Seven hundred and forty runners and walkers gathered at the starting line adjacent to Wilbur Cross High School yesterday morning for the Integrated Refugee and Immigrant Services’ annual Run for Refugees.

The event, now in its eighth year, drew a crowd of roughly 1,000 — including lifelong Connecticut residents, refugees who only started learning English in the last year and dozens of Yale students — and raised at least $28,000, according to IRIS Deputy Director Kelly Hebrank. Senator Richard Blumenthal LAW ’73, Mayor Toni Harp and Oni Chuckwu, the president of the Africa Plan Foundation — this year’s top sponsor — all delivered opening remarks, praising IRIS’s success in resettling refugees in New Haven and urging local residents to volunteer.

After crossing the finish line, runners socialized in the gym over live music and food — the majority of which was provided by local businesses.

“It’s amazing how many people haven’t heard of us and what we do,” said IRIS Employer Outreach Specialist Owen Davis. “Once people understand what we do, they’re very supportive. That’s the nice thing about this event, it brings together both types of people.”

IRIS, a program based out of the Episcopal Church in Connecticut and a local affiliate of Episcopal Migration Ministries, provides services to help refugees adjust to their new communities, including helping them obtain Social Security cards and health examinations and hosting English language classes.

Yale student Harper Loonsk ’18, an IRIS volunteer, said attending the run was a great way for Yalies to connect to the community, both through volunteering and participating in the event.

Project Manager Becky Paugh said the run also helps motivate refugees to exercise and pursue a more active lifestyle. She said many of the refugees come from warm regions where running is not part of the culture, but they find themselves lacing up for the winter run and then making exercise a routine. For example, Ibrahim Yusic, a Sudanese refugee, ran for the first time last year and now gets out regularly.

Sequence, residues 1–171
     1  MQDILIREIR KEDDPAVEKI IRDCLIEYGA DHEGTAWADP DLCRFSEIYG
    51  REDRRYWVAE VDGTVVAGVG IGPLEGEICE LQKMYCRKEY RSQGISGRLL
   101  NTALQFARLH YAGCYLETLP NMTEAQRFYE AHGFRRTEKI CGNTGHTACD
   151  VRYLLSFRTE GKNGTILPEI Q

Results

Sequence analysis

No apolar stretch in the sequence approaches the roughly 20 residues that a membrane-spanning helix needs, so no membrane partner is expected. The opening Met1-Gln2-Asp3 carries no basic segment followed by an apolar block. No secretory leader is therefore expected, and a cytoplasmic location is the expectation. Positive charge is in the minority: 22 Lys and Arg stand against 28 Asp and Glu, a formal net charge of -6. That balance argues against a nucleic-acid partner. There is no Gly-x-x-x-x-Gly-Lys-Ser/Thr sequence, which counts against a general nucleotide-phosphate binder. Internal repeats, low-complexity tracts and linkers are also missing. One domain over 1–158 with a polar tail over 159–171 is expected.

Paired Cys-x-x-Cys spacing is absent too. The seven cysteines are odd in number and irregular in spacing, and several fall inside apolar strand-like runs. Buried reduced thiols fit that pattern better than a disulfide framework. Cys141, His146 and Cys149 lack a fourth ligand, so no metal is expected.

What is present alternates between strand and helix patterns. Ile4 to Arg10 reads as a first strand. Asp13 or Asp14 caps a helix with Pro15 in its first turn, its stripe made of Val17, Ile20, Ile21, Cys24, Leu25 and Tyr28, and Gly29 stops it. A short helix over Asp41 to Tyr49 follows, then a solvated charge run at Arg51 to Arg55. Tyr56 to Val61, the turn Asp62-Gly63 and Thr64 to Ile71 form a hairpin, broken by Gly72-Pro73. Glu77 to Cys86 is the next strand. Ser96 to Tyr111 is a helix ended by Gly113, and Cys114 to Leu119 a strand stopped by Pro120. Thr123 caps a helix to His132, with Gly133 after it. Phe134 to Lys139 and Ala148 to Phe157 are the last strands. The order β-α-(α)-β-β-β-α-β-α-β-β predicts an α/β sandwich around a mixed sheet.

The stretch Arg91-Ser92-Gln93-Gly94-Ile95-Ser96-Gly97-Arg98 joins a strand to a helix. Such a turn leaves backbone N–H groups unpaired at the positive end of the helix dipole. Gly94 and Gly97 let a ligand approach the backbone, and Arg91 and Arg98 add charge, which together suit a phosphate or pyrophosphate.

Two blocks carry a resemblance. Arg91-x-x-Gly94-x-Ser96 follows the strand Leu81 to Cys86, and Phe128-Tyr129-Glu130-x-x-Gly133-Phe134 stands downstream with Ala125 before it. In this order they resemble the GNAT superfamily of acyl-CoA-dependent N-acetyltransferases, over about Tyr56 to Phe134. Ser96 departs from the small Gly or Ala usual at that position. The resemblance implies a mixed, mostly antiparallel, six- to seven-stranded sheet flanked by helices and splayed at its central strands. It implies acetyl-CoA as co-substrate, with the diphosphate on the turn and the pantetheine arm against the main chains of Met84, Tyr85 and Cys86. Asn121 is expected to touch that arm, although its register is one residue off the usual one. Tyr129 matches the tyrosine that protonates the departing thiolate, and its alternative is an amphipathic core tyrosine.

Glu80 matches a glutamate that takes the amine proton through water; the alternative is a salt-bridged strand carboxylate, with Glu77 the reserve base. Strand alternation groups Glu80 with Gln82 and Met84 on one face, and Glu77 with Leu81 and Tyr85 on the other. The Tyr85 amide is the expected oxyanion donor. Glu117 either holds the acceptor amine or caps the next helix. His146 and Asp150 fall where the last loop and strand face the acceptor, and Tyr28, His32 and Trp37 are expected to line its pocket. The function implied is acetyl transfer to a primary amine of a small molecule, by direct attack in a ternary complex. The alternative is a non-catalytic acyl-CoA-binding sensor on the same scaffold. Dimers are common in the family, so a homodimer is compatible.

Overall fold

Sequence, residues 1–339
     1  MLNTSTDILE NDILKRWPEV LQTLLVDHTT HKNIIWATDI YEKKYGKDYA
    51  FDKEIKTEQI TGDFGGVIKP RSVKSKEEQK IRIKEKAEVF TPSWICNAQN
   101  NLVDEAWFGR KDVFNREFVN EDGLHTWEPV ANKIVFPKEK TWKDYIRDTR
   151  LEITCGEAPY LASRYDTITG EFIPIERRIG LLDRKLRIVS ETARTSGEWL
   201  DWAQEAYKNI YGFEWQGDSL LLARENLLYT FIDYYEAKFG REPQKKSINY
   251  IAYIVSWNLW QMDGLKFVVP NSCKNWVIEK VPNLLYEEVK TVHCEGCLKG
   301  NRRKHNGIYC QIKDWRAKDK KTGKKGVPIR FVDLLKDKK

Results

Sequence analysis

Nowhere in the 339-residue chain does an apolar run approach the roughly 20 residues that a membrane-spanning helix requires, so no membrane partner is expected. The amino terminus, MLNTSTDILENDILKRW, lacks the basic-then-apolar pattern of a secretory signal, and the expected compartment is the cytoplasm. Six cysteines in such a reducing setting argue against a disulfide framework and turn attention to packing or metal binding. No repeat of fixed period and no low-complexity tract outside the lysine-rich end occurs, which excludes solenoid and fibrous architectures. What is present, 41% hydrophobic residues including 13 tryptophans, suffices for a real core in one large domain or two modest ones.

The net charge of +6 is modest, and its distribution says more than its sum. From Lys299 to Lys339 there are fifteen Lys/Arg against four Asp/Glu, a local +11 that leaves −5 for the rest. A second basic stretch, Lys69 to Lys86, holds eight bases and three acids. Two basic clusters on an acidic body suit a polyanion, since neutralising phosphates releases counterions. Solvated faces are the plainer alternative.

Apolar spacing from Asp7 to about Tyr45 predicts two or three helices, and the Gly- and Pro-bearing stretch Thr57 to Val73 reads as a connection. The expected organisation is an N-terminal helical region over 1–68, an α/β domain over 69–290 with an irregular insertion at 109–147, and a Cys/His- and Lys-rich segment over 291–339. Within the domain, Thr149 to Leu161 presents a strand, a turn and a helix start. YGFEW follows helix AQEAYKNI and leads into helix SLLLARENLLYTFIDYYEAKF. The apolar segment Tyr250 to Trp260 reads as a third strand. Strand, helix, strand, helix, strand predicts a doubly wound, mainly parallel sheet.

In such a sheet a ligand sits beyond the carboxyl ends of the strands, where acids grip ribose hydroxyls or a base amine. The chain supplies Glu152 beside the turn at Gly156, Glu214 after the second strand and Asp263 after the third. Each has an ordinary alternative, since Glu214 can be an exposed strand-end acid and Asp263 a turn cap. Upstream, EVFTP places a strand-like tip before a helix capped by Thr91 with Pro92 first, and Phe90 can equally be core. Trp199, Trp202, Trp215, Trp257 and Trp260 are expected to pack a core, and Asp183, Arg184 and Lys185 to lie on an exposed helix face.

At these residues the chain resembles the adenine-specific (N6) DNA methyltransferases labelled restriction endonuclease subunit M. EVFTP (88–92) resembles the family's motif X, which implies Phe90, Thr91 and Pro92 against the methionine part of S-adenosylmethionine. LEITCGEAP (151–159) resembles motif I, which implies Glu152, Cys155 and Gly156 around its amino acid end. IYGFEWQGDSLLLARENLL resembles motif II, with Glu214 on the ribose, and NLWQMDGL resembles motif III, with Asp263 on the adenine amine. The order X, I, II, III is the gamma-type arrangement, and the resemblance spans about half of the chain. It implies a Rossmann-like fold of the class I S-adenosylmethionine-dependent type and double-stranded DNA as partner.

“We make this fun, even though there is really nothing fun about the refugee crisis,” said IRIS Executive Director Chris George. “There are probably about 18 million refugees in the world today, they’ve suffered horrible persecution, and a tiny fraction of them, the luckier ones, they have a chance to settle in the United States, and even once they get here, it’s still a struggle. Sure, they’re not being tortured, they’re not being persecuted, but it’s still tough.”

Davis pointed out that many aspects of daily life that people take for granted, such as communication and transportation, can be extreme obstacles for refugees completely unfamiliar with American culture and the English language.

That is why the event, which is also a great place for refugees to get to know the local community, is so important, according to Paugh. Yusic, for example, said he has found running to be a fun way to stay healthy and make new friendships in his community.

In addition to bonds forged in the community, George said the run is also helpful in showing the refugee community that the city of New Haven cares about their cause.

“The best thing our country does is the tradition of welcoming refugees, and IRIS is a thriving program here in New Haven,” George said. “You have this great combination of local community and government … in many ways, refugee settlement is very local, but it doesn’t happen unless there’s a strong government.”

According to IRIS, about 550 refugees enter Connecticut each year, and IRIS helps resettle approximately 215 of them.